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CITY TRIBUNE

New Galway clinic for male domestic abuse victims

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An organisation that provides aid for men suffering from domestic abuse is introducing a monthly outreach clinic in Galway City.

Amen Support Services’ outreach clinic programme will commence on Tuesday, October 10 at Westside Resource Centre, Seamus Quirke Road.

This will be the first time Amen will be in a position to provide support in person to male victims of domestic abuse in the Galway area.

Information will be provided free of charge on a one-to-one person basis in relation to their rights on family issues such as domestic abuse, guardianship, access, maintenance, custody, separation etc.

Manager of Amen Niamh Farrell has been working for the charity for ten years and she says that the new service will offer an additional route for victims to get help.

“The problem with having only the helpline is that it puts certain people off ringing us because they assume that a service that’s based a couple of hundred miles away can’t help them.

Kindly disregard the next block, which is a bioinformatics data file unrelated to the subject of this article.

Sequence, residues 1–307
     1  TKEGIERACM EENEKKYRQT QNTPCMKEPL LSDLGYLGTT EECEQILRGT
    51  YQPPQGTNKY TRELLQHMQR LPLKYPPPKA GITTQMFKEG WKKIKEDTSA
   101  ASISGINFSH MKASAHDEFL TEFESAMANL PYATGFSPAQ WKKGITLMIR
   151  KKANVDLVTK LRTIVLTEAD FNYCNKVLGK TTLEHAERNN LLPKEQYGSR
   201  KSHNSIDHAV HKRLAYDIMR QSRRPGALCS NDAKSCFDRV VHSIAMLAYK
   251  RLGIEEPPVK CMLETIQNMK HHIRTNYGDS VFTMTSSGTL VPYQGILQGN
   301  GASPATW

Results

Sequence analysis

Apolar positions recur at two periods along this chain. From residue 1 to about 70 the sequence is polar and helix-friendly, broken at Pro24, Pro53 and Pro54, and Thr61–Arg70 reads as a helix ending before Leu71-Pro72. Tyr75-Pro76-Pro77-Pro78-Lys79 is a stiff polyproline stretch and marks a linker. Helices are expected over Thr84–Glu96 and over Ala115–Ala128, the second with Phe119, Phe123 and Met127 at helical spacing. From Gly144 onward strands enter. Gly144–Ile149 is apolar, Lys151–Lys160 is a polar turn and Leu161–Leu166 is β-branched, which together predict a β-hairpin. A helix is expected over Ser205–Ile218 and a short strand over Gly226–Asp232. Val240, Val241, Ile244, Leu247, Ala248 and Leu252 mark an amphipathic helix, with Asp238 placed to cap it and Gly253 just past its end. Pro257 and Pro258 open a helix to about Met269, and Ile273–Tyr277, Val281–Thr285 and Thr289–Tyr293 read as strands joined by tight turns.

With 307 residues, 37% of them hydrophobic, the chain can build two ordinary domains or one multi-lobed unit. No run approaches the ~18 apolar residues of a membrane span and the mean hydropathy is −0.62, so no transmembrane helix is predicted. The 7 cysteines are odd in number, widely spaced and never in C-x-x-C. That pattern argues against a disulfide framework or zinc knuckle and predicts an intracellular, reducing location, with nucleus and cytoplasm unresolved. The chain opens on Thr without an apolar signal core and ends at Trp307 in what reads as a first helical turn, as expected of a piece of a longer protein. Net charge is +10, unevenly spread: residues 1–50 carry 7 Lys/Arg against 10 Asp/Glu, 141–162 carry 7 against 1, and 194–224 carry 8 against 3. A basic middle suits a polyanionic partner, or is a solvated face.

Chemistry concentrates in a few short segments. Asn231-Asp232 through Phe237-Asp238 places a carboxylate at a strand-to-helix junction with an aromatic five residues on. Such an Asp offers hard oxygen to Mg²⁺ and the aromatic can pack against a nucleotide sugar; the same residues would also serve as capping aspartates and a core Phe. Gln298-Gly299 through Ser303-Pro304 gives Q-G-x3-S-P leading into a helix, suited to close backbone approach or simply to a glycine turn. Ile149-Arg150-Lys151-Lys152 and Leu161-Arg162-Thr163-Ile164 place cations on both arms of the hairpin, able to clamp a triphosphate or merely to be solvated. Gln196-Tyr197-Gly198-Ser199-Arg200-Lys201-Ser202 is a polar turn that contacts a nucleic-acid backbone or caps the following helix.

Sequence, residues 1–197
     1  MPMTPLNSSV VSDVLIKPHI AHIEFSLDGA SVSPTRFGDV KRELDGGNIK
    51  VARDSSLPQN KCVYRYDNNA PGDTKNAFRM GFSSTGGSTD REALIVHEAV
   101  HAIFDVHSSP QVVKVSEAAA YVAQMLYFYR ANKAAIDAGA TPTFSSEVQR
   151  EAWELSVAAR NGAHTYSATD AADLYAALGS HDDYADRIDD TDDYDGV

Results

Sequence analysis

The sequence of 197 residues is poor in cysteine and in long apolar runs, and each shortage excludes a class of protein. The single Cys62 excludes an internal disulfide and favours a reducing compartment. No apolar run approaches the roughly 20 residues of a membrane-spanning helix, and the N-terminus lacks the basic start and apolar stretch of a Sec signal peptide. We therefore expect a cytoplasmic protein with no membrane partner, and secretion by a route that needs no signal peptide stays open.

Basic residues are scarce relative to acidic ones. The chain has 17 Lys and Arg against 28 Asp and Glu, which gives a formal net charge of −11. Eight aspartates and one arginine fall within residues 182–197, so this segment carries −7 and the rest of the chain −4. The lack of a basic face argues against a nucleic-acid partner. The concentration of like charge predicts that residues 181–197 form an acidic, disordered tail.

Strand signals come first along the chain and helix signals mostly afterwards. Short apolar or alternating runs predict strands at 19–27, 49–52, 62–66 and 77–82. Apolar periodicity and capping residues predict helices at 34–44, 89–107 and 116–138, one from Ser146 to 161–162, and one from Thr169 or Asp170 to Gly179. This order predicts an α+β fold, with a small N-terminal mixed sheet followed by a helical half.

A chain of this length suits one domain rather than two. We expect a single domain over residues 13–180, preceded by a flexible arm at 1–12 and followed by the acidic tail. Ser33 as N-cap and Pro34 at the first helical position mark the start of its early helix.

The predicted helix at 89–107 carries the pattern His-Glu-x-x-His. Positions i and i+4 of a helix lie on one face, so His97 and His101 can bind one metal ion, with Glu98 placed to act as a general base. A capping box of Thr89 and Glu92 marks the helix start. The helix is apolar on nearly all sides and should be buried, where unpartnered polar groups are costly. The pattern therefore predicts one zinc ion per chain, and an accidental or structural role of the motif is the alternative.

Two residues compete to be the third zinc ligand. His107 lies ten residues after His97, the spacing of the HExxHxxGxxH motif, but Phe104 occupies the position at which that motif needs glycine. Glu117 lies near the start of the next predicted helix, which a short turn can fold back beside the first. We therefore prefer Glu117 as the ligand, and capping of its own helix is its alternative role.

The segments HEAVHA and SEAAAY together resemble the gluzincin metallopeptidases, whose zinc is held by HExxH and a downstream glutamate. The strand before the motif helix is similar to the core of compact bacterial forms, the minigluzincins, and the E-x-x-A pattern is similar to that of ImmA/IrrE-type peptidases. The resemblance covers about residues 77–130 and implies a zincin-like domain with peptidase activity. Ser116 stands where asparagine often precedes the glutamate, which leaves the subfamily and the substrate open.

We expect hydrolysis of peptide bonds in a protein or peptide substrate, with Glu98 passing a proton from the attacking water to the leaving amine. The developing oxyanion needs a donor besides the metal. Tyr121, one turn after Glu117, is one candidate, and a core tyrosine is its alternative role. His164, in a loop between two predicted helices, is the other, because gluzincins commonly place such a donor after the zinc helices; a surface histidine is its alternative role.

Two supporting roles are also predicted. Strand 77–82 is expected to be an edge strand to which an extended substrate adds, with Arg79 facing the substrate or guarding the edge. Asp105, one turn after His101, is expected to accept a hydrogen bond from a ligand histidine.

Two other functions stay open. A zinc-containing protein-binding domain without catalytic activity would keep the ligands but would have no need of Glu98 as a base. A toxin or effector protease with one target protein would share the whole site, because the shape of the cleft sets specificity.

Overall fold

“We would have a good few clients ringing from Galway and this is a step further for them. It will give them more of a connection with us if they can meet somebody face to face.

“The hope is as well that it will encourage more people to come forward who currently are put off by the fact that our base is in Meath,” Niamh added.

Recently, there have been advertisements on the radio and the television to encourage victims of domestic abuse to come forward but there is still a stigma surrounding abuse against men.

“Much of it is around misinformation and lack of understanding of the issue so if we can get into communities and encourage people to break down that stigma then hopefully the people will come forward,” Niamh said.

Niamh admits that another problem for male sufferers of domestic abuse has been the lack of awareness surrounding the services on offer to them.